Editor’s note: This story first appeared in the March 2017 issue of Golfweek Magazine.
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Every once in a while, a new face sneaks past the guards at golf’s gate and plays so consistently well that folks have to circle him in the program. Ladies and gents, we give you Tyrrell Hatton, a gritty 25-year-old Englishman who keeps elbowing his way to the top of our Sunday evening golf scores.
“It’s amazing where he’s come from,” says Danny Wardrop, director of golf for the Georgia Golf Company, Hatton’s British management firm. “It’s a great ride. Every week he seems to be top 10. Every week.”
Right on cue, there’s Hatton, finishing 10th at WGC-Mexico. A week earlier he contended at Honda and finished T-4. Since the start of 2016, Hatton has piled up 13 top-10 finishes from Dubai to Mexico City. And you’ll be seeing plenty of Hatton in the weeks ahead. He traded the steely gray skies of Marlow, in County Buckinghamshire, for the radiant sunshine of Orlando and three months in the U.S.
Five years ago Hatton also made Orlando a stop as a fledgling pro bankrolled by members of his English club (Harleyford) with three roommates trying to scratch his way on the Hooters mini-tour. Today he is entrenched inside the top 20 of the Official World Golf Ranking – just behind Bubba, just ahead of Phil. With his primo status comes great spoils: starts at the WGC-Match Play, Masters, Players and U.S. Open. Hatton’s goal: 319 FedEx Cup points, which would deliver temporary PGA Tour membership.
In eight months, Hatton has covered considerable ground. He turned up at July’s Scottish Open at Castle Stuart ranked 98th in the world, got in some quality swing work with his dad, Jeff – his coach since Tyrrell was 11 – and placed second. That got him into Troon, where he tied for fifth at the British Open. Two weeks later, yet another solid major (PGA Championship, T-10). In October he broke through for his first European Tour victory, winning the Dunhill Links. One year after stating that he didn’t much care for the Old Course at St. Andrews, he fired 62 there, tying the competitive record.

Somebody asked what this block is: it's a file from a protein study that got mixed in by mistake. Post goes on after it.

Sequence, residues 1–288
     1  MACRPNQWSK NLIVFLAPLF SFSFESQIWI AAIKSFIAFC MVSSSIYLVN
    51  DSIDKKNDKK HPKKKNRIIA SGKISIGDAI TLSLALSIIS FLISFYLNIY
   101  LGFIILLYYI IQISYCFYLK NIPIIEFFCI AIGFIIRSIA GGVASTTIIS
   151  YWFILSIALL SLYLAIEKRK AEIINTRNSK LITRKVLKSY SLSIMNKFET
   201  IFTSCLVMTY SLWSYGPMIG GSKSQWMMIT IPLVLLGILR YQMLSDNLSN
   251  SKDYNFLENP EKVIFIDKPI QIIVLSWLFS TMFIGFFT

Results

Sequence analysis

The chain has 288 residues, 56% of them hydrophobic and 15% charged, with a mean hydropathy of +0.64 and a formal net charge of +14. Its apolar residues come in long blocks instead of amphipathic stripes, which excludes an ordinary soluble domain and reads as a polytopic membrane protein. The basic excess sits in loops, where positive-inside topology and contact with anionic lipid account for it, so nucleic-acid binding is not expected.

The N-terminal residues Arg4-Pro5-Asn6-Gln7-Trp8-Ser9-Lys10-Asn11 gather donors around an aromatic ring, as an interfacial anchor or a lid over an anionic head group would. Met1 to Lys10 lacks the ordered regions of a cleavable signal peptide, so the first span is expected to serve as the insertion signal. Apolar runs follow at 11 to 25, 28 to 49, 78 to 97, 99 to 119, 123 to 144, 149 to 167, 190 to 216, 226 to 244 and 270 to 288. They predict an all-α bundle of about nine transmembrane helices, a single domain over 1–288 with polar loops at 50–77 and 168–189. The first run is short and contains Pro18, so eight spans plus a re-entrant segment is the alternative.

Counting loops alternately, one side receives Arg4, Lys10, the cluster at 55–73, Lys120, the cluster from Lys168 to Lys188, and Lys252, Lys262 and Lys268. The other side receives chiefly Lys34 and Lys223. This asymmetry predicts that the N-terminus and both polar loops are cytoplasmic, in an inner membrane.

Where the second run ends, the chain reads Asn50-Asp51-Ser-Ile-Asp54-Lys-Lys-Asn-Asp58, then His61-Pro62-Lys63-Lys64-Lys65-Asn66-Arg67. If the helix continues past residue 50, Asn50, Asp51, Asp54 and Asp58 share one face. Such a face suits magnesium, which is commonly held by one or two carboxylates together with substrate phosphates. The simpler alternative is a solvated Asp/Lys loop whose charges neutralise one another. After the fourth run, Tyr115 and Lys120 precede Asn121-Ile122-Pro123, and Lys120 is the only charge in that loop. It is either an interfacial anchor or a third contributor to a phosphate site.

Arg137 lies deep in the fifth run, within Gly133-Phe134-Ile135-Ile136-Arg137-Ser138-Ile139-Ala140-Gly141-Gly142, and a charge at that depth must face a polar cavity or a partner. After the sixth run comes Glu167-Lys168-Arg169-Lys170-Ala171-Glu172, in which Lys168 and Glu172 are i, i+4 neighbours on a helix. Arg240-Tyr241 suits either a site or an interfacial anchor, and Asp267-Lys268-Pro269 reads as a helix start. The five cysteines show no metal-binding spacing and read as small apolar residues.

“It’s been a nice sort of eight months for me,” Hatton said, “and it’s nice to climb up the world rankings. Hopefully I can climb even higher.”
Hatton drives it straight, and when his irons are off, his exquisite short game bails him out. He has a knack for making those 6-foot, par-saving putts that keep momentum on his side, and he plays with fire. On the course, his theatrics can spike like the Dow Jones.
“He’s a bit of a gunslinger, very aggressive,” Wardrop said. “He’s an emotional player. Is that good? Is it bad? To me, it’s good. He’s getting results.”
Hatton’s dad operates Jeff Hatton Golf out of Tyrrell’s grandmother’s garage in Marlow. Jeff, a 7-handicap, is an instructor and master clubfitter. His homemade golf studio features a mat and a simulator. Tyrrell prefers playing to practicing, but on rainy days you’ll find him there.
“If I’m struggling a little bit when I’m away, I can just send him a video,” Tyrrell said. “There are a few little things we look at. The most important thing is setup. The basics. Those are the hardest things to get right.”
Tyrrell won’t have to worry about sending videos during Masters week, as Jeff will be in Georgia. Tyrrell already is looking forward to having his father caddie for him during Wednesday’s Par 3 Contest at Augusta, and fancies handing his dad a wedge at the ninth tee.
“I’ll start taking bets soon on whether he’s going to fat it in the water,” Tyrrell said, grinning. “No, it’ll be great fun. It’s obviously a special day for us.”
A special day indeed. Yes, Tyrrell Hatton has arrived. Enjoy him.